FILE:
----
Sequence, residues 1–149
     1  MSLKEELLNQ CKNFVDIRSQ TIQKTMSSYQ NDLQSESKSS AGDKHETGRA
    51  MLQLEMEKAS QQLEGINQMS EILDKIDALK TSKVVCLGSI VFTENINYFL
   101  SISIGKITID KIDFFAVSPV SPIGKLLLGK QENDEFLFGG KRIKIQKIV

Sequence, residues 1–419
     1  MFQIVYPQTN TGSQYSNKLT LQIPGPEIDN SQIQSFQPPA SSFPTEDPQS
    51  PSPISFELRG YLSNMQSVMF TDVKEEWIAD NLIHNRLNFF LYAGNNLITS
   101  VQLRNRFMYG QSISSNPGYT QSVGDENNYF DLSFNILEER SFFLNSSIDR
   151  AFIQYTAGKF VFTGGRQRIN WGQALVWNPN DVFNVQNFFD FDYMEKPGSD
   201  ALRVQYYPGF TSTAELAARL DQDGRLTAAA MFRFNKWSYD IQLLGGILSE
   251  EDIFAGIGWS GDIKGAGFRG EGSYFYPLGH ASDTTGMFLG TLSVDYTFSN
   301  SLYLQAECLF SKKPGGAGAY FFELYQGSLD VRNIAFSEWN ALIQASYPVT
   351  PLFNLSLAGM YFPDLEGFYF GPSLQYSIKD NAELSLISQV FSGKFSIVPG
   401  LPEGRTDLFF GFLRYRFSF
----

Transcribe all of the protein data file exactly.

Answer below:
Sequence, residues 1–149
     1  MSLKEELLNQ CKNFVDIRSQ TIQKTMSSYQ NDLQSESKSS AGDKHETGRA
    51  MLQLEMEKAS QQLEGINQMS EILDKIDALK TSKVVCLGSI VFTENINYFL
   101  SISIGKITID KIDFFAVSPV SPIGKLLLGK QENDEFLFGG KRIKIQKIV

Sequence, residues 1–419
     1  MFQIVYPQTN TGSQYSNKLT LQIPGPEIDN SQIQSFQPPA SSFPTEDPQS
    51  PSPISFELRG YLSNMQSVMF TDVKEEWIAD NLIHNRLNFF LYAGNNLITS
   101  VQLRNRFMYG QSISSNPGYT QSVGDENNYF DLSFNILEER SFFLNSSIDR
   151  AFIQYTAGKF VFTGGRQRIN WGQALVWNPN DVFNVQNFFD FDYMEKPGSD
   201  ALRVQYYPGF TSTAELAARL DQDGRLTAAA MFRFNKWSYD IQLLGGILSE
   251  EDIFAGIGWS GDIKGAGFRG EGSYFYPLGH ASDTTGMFLG TLSVDYTFSN
   301  SLYLQAECLF SKKPGGAGAY FFELYQGSLD VRNIAFSEWN ALIQASYPVT
   351  PLFNLSLAGM YFPDLEGFYF GPSLQYSIKD NAELSLISQV FSGKFSIVPG
   401  LPEGRTDLFF GFLRYRFSF